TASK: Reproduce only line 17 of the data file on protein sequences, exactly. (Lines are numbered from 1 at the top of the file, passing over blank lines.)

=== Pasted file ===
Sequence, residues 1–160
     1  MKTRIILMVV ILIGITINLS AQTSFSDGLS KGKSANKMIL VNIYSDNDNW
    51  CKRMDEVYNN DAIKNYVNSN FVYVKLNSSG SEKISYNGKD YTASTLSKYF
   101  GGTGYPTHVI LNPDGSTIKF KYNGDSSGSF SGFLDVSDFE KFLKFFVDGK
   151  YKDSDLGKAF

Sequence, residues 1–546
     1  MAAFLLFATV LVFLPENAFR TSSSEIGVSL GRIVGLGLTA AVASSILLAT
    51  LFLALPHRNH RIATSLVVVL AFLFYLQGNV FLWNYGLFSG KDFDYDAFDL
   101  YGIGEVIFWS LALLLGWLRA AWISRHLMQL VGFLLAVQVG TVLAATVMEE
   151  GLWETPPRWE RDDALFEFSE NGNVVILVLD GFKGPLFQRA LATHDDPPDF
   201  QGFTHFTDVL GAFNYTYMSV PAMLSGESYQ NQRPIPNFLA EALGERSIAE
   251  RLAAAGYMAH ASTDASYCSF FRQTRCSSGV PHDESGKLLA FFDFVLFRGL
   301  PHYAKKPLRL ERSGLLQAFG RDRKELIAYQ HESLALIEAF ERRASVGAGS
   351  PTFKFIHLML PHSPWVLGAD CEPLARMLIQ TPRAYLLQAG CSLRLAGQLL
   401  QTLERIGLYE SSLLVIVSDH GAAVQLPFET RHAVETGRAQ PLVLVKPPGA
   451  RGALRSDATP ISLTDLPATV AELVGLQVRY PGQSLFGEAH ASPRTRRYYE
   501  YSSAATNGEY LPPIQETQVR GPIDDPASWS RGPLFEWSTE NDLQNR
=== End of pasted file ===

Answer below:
   501  YSSAATNGEY LPPIQETQVR GPIDDPASWS RGPLFEWSTE NDLQNR